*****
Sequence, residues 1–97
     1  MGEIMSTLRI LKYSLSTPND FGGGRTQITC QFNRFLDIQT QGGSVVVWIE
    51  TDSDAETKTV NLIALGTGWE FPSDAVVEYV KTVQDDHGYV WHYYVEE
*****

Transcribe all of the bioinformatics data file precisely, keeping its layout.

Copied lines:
Sequence, residues 1–97
     1  MGEIMSTLRI LKYSLSTPND FGGGRTQITC QFNRFLDIQT QGGSVVVWIE
    51  TDSDAETKTV NLIALGTGWE FPSDAVVEYV KTVQDDHGYV WHYYVEE